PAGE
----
Persons who, during their professional tasks, come in contact with pesticide residues are exposed by various routes, with possible negative effects on their health. The aim of the thesis is to evaluate the exposure risks of two categories of workers indirectly exposed to pesticide residues (parent compounds and metabolites): Belgian florists and Tunisian market gardeners. As a first step, the exposure of Belgian florists to pesticide residues present on cut flowers was studied. A survey of florists reveals that, despite a fairly long work period, they do not protect themselves enough from contact with residues. The analysis of residues on cut flowers most sold in Belgium has shown that they are highly contaminated, with 107 residues of different pesticides were detected on 90 samples. By wearing cotton gloves by florists, it has been established that 111 residues of different pesticides could be transferred from the flowers to the hands. In the worst case, the estimated systemic exposure of florists to four active substances exceeds (at maximum concentrations) the acceptable threshold values (AOEL). The bio-monitoring approach conducted with Belgian florists and a reference group led to the conclusion that the florists' urine is significantly more contaminated and that a linear relationship exists between dermal exposure to residues and urinary excretion. The same methodological approach, except biomonitoring, was used to assess the exposure of Tunisian market garden workers to pesticide residues. The survey reveals that the majority of workers doesn't generally protect themselves during the re-entry tasks despite an extended daily working time. The wearing of cotton gloves, combined with the sampling and analysis of residues on the handled horticultural products, demonstrated that chili pepper and tomato samples are contaminated by pesticide residues, with 7 exceedances of EU MRL. A total of 57 and 63 pesticide residues were detected on gloves worn by workers during harvesting in tomato and chili pepper greenhouses, respectively. The systemic exposure of workers harvesting tomatoes and chili peppers exceeds (at maximum concentrations) their AOEL values, for 9 and 15 pesticides, respectively. The study has thus demonstrated that Belgian florists and Tunisian workers are exposed during their usual tasks to significantly high amounts of pesticide residues whose toxicological properties suggest that they could have on long-term negative effects on health. [less ▲]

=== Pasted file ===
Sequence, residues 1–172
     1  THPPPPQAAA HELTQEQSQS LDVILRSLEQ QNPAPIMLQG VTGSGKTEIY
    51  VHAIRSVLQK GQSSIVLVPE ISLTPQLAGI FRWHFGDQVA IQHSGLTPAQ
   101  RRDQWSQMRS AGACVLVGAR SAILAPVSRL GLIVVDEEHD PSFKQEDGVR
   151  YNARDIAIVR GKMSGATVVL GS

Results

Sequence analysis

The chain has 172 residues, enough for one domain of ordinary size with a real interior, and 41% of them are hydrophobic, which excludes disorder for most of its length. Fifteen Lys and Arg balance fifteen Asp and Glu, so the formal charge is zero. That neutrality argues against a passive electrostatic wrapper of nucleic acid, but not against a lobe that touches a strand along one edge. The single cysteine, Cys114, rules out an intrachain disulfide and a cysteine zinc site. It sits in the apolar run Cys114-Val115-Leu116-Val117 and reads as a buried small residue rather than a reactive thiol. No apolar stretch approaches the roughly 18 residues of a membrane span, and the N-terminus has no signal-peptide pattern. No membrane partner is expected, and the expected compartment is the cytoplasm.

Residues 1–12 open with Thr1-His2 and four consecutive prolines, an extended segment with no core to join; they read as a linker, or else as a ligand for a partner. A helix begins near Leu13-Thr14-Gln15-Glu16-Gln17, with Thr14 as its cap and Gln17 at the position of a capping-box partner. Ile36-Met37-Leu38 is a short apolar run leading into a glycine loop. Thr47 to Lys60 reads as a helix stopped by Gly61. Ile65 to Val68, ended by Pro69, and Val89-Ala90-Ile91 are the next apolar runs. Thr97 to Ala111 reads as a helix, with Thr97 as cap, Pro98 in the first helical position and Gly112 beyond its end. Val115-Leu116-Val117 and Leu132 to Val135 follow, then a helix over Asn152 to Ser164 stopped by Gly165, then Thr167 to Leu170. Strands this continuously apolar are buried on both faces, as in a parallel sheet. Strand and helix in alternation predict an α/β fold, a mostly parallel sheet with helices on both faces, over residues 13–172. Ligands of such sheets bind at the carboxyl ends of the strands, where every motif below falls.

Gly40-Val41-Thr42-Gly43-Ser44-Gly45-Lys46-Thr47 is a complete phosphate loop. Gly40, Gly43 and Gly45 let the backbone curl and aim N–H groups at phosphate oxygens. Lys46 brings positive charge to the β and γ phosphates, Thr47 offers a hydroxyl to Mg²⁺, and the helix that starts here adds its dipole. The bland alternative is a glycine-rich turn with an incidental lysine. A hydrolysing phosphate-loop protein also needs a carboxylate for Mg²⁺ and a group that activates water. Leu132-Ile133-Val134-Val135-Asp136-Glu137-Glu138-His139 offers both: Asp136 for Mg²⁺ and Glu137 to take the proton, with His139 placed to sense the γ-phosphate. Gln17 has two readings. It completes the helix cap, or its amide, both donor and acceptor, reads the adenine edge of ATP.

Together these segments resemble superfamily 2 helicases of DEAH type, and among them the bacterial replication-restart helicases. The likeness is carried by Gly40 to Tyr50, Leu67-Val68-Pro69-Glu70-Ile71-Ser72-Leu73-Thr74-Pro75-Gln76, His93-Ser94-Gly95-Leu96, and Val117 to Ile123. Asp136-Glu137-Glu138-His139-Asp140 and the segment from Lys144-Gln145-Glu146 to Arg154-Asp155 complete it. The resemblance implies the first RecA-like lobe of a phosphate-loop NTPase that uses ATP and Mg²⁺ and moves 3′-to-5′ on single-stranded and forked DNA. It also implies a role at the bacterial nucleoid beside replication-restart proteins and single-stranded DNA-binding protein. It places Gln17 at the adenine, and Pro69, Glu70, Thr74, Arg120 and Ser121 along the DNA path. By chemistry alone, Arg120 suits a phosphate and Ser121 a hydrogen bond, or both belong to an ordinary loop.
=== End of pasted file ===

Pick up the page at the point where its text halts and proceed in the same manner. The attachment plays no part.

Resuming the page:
Detailed reference viewed: 113 (11 ULiège)
Full Text
Peer Reviewed
See detailRisk assessment of exposure to pesticide residues with potential negative effects on the Belgian florists' health
Toumi, Khaoula ULiege; Joly, laure; Vlemincks, Christiane et al

Poster (2018, May)

Detailed reference viewed: 22 (1 ULiège)
Full Text
Peer Reviewed
See detailAssessment of exposure to pesticide residues in Tunisian crop greenhouses
Toumi, Khaoula ULiege; Joly, Laure; Vleminckx, Christiane et al

Poster (2018, April)

Detailed reference viewed: 13 (1 ULiège)
Full Text
Peer Reviewed
See detailAssessment of exposure to pesticide residues in Tunisian crop greenhouses
Toumi, Khaoula ULiege; Joly, Laure; Vleminckx, Christiane et al

Poster (2018, April)

Detailed reference viewed: 18 (3 ULiège)
Full Text
See detailExposure of Belgian florists to pesticide residues during their professional activities
Toumi, Khaoula ULiege; Joly, Laure; Vleminckx, Christiane et al

Conference (2018, April)

Detailed reference viewed: 22 (1 ULiège)
See detailAssessment of exposure of workers to pesticide residues in tomato greenhouses
Toumi, Khaoula ULiege; Joly, Laure; Vleminckx, Christiane et al

Poster (2018, February)

Detailed reference viewed: 13 (1 ULiège)
Full Text
Peer Reviewed
See detailRisk assessment of Tunisian consumers and farm workers exposed to residues after pesticide application in chili peppers and tomatoes
Toumi, Khaoula ULiege; Joly, Laure; Tarchoun, Neji et al

in Tunisian Journal of Plant Protection (2018), 13(1), 127-143

In Tunisia, to prevent and control pests and diseases during cultivation under greenhouses, chili pepper and tomato require the use of a wide range of pesticides potentially toxic and thus presenting a ... [more ▼]